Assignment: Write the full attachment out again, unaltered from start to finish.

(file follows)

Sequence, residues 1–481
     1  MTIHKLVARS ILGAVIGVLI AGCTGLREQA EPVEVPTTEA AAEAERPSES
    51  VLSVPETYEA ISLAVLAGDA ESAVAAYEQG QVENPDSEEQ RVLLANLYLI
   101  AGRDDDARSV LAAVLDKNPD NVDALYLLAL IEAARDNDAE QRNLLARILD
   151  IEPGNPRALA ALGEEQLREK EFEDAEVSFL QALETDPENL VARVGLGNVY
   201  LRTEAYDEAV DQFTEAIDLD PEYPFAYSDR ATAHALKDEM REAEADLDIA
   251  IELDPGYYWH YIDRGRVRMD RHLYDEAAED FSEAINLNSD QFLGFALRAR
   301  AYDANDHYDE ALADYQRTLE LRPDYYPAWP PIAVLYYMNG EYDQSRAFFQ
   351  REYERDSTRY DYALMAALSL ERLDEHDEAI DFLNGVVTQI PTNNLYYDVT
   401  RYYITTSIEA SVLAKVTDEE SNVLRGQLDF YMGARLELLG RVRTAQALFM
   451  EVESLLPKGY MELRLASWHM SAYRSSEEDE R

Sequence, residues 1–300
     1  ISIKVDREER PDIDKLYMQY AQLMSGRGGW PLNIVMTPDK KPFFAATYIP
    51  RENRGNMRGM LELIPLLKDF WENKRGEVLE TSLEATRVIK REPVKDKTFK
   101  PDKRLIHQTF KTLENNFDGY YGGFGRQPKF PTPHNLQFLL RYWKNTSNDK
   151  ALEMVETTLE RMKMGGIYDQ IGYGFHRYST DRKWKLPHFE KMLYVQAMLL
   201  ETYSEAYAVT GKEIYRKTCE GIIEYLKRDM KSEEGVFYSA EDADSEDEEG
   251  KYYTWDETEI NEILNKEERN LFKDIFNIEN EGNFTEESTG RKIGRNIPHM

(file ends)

Sequence, residues 1–481
     1  MTIHKLVARS ILGAVIGVLI AGCTGLREQA EPVEVPTTEA AAEAERPSES
    51  VLSVPETYEA ISLAVLAGDA ESAVAAYEQG QVENPDSEEQ RVLLANLYLI
   101  AGRDDDARSV LAAVLDKNPD NVDALYLLAL IEAARDNDAE QRNLLARILD
   151  IEPGNPRALA ALGEEQLREK EFEDAEVSFL QALETDPENL VARVGLGNVY
   201  LRTEAYDEAV DQFTEAIDLD PEYPFAYSDR ATAHALKDEM REAEADLDIA
   251  IELDPGYYWH YIDRGRVRMD RHLYDEAAED FSEAINLNSD QFLGFALRAR
   301  AYDANDHYDE ALADYQRTLE LRPDYYPAWP PIAVLYYMNG EYDQSRAFFQ
   351  REYERDSTRY DYALMAALSL ERLDEHDEAI DFLNGVVTQI PTNNLYYDVT
   401  RYYITTSIEA SVLAKVTDEE SNVLRGQLDF YMGARLELLG RVRTAQALFM
   451  EVESLLPKGY MELRLASWHM SAYRSSEEDE R

Sequence, residues 1–300
     1  ISIKVDREER PDIDKLYMQY AQLMSGRGGW PLNIVMTPDK KPFFAATYIP
    51  RENRGNMRGM LELIPLLKDF WENKRGEVLE TSLEATRVIK REPVKDKTFK
   101  PDKRLIHQTF KTLENNFDGY YGGFGRQPKF PTPHNLQFLL RYWKNTSNDK
   151  ALEMVETTLE RMKMGGIYDQ IGYGFHRYST DRKWKLPHFE KMLYVQAMLL
   201  ETYSEAYAVT GKEIYRKTCE GIIEYLKRDM KSEEGVFYSA EDADSEDEEG
   251  KYYTWDETEI NEILNKEERN LFKDIFNIEN EGNFTEESTG RKIGRNIPHM